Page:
The New York review of Books just published an interesting article by R Dworkin on Justice Roberts.
Dworkin examines Roberts' constitutional philosophy as resulting from previous opinions and Senate hearings, and his conclusion is that: " Roberts succeeded in leaving it entirely unclear [...]." Dworkin blames both Roberts, for his failure to disclose his broader constitutional views, and the Senate, for not pressing harder on these important issues. Dworkin then concluded that:
We must hope that it has learned from its failures in the Roberts nomination. It should demand to know the new nominee's constitutional philosophy. If he or she refuses to disclose it, or claims that it is only to respect the rule of law and adds nothing more helpful about what that means, then its constitutional duty is to advise the Senate to reject that nominee as either disingenuous or incompetent.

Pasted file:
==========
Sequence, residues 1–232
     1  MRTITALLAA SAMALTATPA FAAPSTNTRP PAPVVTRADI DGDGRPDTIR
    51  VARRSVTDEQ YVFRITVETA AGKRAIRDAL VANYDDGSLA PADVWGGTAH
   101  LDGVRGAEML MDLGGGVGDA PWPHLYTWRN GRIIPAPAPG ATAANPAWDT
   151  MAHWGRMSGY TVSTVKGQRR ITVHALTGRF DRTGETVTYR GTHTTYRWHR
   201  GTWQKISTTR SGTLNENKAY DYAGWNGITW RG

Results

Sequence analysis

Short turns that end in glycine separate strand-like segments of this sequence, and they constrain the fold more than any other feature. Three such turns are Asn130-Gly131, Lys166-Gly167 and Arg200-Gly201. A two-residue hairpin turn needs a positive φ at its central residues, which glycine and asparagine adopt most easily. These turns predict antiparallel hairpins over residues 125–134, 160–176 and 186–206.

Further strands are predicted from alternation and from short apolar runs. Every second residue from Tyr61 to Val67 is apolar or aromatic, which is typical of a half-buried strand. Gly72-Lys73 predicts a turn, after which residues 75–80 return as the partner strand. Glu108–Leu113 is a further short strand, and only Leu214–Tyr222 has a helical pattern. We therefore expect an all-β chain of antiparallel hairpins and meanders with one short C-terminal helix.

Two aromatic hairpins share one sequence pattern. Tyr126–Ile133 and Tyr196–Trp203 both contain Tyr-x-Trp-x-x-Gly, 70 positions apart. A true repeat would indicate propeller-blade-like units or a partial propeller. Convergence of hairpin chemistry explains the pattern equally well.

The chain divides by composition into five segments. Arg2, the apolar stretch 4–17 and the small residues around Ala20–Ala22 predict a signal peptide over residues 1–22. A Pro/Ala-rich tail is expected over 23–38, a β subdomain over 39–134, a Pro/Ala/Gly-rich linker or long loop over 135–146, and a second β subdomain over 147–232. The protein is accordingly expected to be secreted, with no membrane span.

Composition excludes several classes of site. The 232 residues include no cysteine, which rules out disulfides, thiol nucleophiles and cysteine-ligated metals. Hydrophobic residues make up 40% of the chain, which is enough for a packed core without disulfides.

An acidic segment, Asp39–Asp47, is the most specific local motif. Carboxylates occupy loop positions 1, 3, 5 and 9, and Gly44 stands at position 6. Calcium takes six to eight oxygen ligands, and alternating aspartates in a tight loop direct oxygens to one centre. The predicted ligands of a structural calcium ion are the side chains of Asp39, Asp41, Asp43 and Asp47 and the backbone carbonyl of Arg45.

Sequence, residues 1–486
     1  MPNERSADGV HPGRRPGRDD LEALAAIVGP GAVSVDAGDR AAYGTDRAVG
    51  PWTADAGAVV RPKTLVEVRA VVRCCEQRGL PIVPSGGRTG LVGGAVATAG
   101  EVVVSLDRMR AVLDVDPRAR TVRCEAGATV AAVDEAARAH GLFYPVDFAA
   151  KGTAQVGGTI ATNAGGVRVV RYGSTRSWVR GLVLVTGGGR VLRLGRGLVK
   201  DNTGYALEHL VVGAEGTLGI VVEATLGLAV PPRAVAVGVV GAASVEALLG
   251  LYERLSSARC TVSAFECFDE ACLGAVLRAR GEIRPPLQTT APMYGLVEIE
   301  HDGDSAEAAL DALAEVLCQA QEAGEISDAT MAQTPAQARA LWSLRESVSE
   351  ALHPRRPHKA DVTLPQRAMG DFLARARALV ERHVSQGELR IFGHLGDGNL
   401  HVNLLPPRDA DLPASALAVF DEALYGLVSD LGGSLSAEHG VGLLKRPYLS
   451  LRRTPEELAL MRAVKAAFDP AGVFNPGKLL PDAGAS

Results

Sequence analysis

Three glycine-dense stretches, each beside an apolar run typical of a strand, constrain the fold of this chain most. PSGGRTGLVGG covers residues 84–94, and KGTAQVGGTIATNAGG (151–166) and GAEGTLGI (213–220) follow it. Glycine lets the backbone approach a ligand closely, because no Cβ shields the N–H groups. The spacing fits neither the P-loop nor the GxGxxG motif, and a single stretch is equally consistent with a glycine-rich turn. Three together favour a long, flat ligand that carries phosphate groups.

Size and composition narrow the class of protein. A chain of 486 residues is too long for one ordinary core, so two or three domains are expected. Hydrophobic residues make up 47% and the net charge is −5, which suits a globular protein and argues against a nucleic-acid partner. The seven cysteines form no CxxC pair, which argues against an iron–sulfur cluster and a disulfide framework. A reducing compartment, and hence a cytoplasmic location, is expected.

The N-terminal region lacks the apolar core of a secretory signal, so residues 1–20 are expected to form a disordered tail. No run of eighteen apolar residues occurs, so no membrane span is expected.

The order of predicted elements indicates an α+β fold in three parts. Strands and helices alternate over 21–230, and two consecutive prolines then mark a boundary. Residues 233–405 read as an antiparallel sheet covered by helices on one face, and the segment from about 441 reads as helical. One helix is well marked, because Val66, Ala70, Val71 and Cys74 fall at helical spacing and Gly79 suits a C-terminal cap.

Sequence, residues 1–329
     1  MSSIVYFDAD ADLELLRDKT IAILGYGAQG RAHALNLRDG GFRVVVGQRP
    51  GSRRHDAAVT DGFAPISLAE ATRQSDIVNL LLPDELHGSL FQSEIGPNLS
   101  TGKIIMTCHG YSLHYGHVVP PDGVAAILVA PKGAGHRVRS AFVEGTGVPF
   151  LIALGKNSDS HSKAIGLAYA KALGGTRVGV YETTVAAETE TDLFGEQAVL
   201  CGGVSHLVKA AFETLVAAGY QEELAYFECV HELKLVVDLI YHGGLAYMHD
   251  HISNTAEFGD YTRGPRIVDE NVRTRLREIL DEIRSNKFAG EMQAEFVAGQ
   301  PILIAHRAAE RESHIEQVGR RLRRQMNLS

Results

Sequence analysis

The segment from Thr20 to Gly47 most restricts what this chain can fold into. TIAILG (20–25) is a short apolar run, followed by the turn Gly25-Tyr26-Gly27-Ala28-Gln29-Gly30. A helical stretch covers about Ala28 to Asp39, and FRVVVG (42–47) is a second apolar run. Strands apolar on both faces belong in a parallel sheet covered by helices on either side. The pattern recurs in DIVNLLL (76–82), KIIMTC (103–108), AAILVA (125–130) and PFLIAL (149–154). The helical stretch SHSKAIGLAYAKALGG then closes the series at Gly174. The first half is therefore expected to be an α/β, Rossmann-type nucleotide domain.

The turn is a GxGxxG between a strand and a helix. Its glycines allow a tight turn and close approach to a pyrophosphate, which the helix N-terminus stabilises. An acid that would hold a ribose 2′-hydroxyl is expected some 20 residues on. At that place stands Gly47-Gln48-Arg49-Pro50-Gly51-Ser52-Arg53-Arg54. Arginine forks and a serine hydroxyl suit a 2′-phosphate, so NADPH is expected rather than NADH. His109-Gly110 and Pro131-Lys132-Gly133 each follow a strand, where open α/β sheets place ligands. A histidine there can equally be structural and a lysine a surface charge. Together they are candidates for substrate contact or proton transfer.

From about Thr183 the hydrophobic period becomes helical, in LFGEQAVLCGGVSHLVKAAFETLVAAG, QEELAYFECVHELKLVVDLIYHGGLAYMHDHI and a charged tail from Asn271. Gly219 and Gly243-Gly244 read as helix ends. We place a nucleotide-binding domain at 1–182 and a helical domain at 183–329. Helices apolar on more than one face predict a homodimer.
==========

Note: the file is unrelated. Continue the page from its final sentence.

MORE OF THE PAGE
Interestingly, Dworkin's main worry does not concern cases such as Roe v Wade, or other controversial precedent of the US Supreme Court on matter of civil liberties as applied to US citizens. Instead, he worries that the main source of worries will come from the issue of the 'President's power to conduct his war against terrorism without regard for either international law or the traditional rights of prisoners.'
According to Dworkin, Justice Roberts record is worring because 'Roberts joined an opinion declaring that the courts must show great deference to the President's opinion that international treaties, including the Geneva Conventions, do not protect the Guantánamo prisoners.'